When, in mid-1945, the allied armies advancing across Western Europe were ordered to halt to enable the marauding Soviet forces perform the final denouement of the Second World War by capturing Berlin, it sowed the seeds of the Cold War that lasted almost half-a-century and whose present-day ramifications are there for all to see.
It was a different thing that the Soviet Union had much to avenge for the Siege of Leningrad and the Battle of Moscow that the Wehrmacht had so brutally staged through much of the conflict, but it would be rather naÃ¯ve to believe that this was the sole reason for asking the allies to halt.
The larger picture involved the military-industrial combine – the expression evolved in the coming years – that had been created in the Western world and the Soviet thanks to the conflict and which could not grind to a halt just because the War would soon end.
How was it to be kept going in the post-war era? Principally by the creation of the Iron Curtain and alliances like NATO and the Warsaw Pact – and lesser-lived entities like CENTO, SEATO and ANZUS.
There was no real threat of war as the former allies ranged against each other and the closest this happened was in 1962 after the disastrous Bay of Pigs invasion and the Cuban Missile Crisis, but these were quickly defused as none of the principal protagonists were really interested in anything beyond sabre-rattling – the Vietnam war being one exception.
At the same time, the dynamics of the military-industrial combine dictated that the two sides maintain what, in military terms, is quaintly referred to as a “high state of alert”. Thus, both sides began to churn out newer and more lethal arms, aircraft, missiles, tanks, ships and other fighting vehicles – all of which had a shelf-life and had to be regularly replaced.
All this came to an abrupt end, first with the collapse of the Berlin Wall in 1989, followed two years later by the dissolution of the Soviet Union itself.
All of a sudden, from two superpowers, there was just one. The new Russia posed no threat as it attempted to do away with the legacy of the past and come to terms with the new republics in the Commonwealth of Independent States (CIS). Also, the military-industrial combine of the erstwhile Soviet Union was split among a plethora of new states that had more pressing political and economic issues to deal with at the time.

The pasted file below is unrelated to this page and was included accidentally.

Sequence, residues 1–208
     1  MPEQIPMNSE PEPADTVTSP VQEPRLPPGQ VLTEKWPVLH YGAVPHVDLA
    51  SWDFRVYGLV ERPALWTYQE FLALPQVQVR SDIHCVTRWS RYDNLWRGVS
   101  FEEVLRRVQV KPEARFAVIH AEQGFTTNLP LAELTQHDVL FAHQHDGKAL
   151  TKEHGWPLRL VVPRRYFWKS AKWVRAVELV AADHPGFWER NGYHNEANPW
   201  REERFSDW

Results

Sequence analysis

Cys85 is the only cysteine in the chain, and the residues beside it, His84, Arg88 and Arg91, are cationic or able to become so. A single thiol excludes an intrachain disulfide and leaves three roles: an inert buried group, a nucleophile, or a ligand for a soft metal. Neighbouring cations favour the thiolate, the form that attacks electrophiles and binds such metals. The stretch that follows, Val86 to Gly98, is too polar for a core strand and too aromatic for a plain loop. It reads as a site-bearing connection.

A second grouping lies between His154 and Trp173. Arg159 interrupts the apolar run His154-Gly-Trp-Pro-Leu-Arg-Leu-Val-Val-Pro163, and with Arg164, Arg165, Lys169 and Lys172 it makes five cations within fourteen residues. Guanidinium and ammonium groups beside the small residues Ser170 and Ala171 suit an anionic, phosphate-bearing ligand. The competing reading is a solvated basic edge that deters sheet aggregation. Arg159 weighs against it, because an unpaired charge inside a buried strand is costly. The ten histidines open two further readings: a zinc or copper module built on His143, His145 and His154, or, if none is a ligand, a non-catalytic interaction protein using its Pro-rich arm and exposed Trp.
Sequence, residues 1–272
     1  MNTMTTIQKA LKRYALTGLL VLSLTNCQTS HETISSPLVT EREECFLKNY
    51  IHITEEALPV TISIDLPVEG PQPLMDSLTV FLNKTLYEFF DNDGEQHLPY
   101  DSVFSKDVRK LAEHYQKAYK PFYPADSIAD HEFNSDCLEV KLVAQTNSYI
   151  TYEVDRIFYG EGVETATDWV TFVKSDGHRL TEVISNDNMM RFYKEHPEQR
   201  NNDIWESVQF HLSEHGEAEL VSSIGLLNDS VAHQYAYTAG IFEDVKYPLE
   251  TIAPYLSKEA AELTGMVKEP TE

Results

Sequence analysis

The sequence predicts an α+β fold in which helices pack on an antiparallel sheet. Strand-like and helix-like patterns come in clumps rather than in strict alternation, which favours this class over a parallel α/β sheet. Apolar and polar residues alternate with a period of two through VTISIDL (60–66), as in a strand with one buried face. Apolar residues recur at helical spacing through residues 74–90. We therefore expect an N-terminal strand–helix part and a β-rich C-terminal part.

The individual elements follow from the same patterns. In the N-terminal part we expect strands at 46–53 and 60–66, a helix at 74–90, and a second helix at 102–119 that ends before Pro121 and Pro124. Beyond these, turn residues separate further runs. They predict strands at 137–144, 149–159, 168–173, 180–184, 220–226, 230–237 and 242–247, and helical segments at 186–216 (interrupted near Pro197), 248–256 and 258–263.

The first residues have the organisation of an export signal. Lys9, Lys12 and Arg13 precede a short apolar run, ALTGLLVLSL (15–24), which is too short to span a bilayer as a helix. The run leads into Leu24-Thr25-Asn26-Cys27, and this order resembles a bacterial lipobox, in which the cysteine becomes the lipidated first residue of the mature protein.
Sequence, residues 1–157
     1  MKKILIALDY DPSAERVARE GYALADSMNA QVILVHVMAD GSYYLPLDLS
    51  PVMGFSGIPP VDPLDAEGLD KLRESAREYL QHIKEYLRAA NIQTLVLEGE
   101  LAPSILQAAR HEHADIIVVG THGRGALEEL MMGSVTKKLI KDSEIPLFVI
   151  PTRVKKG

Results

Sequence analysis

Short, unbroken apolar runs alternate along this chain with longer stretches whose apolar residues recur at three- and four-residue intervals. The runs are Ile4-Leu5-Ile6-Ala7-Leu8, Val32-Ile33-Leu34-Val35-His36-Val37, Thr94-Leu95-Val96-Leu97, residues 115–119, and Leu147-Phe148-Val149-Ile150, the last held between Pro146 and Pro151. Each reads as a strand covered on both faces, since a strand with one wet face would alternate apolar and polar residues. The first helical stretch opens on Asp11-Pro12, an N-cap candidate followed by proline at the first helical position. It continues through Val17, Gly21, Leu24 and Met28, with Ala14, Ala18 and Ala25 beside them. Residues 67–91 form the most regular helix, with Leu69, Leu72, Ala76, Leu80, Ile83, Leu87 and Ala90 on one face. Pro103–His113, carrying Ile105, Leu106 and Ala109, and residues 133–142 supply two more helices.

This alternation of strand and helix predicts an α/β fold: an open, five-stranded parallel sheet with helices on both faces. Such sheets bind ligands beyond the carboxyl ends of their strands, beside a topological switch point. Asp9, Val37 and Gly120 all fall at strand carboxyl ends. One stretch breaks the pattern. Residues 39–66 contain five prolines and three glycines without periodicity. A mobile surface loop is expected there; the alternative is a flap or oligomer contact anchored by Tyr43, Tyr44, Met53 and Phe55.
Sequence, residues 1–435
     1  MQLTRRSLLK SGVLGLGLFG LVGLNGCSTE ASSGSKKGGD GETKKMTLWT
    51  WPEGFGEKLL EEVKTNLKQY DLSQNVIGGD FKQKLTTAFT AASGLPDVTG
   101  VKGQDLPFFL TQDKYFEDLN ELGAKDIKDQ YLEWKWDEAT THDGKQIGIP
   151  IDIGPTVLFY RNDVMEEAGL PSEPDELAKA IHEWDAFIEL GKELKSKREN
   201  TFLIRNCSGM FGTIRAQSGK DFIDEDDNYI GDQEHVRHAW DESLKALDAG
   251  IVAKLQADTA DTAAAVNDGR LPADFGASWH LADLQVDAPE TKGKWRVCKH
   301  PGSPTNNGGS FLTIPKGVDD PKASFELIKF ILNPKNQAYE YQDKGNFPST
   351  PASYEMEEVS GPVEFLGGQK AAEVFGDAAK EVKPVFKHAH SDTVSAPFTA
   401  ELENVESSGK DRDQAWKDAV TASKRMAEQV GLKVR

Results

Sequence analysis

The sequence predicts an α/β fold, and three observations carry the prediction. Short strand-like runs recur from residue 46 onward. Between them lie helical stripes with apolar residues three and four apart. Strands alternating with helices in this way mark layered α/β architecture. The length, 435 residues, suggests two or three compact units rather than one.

The Western alliance, however, couldn’t afford the luxury of sitting back. A trailer of sorts was provided by the First Gulf War (August 1990-February 1991) when Confucius was stood on his head and a cannon was used against a mosquito. It was widely believed that the Soviet Union was supplying Scud missiles and other lethal weapons to Iraq but there was no real danger of intervention as Moscow was still coming to terms with the collapse of the Berlin Wall and staring in its face the disintegration of the USSR itself.
Then, there was the Second Gulf War (March 2003-December 2011) but the defining moment, as it were, came in the wake of the September 11, 2001, bombing of New York’s Twin Towers.
Less than a month later, albeit under UN sanction, U.S. and British forces had stormed into Afghanistan to oust the Taliban, which had refused to extradite Al Qaeda leader Osama bin Laden, who Washington blamed for masterminding 9/11. The circle was complete in 2003, with NATO assuming command of the International Security Assistance Force (ISAF) that the UN Security Council had created in December 2001 to oversee the Afghan operations.
Thus, we have a situation in which NATO, created principally to take on the Warsaw Pact and to operate in Europe, has found itself in far-away Afghanistan. It’s a different thing that many member-countries of the erstwhile Warsaw Pact are now part of NATO, but having tortuously got to where it is today, is the Alliance likely to leave in a hurry?
For much of this decade, there has been considerable talk of a pull-out, but pause for a moment to consider that what is being spoken about is not a withdrawal but a “drawdown”, much as, not too long ago, even warships battened down to ride out storms.
Consider this: It is widely believed that Kandahar in the south would fall to the Taliban operating out of Pakistan’s frontier areas if the ISAF were to pull out. Then, the Northern Alliance and the Uzbeks are straining at the leash, dearly hoping for a withdrawal
What also can’t be ignored are groups like the Taliban, Al Qaeda, the Haqqani Network, the Hezb-e-Islami Gulbuddin, the Lashkar-e-Jhangvi and smaller ragtag outfits all waiting to extract their pound of flesh.
And finally, there is Kabul, virtually Afghanistan’s Jewel in the Crown. Can it be defended in the absence of the ISAF? The jury’s definitely out on that one.
There’s also the question of what happens to the 100,000-odd troops that make up the ISAF and the equipment valued at some $7 billion it holds.
Someone suggested that part of it could be given to Pakistan to aid in Islamabad’s war against terror. But does anyone seriously think Pakistan will just sit quiet if there is a pullout?
A few weeks ago, in the wake of the crisis in the Crimea, there was a suggestion that it could revive Cold War tensions. But that seemed so far-fetched that it quickly died a natural death.
Thus, in all probability, what will happen is the ISAF will batten itself down in cities like Kabul, Kandahar, Herat, Jalalabad and Mazar-e-Sharif and other critical areas to ensure that the Taliban, which was eliminated with such difficulty, does not creep in again.
After all, the military-industrial combine has to be kept going, even if it is for a back-door occupation!
(13.04.2014 – Vishnu Makhijani is an Associate Editor at IANS. The views expressed are personal. He can be contacted at email@example.com).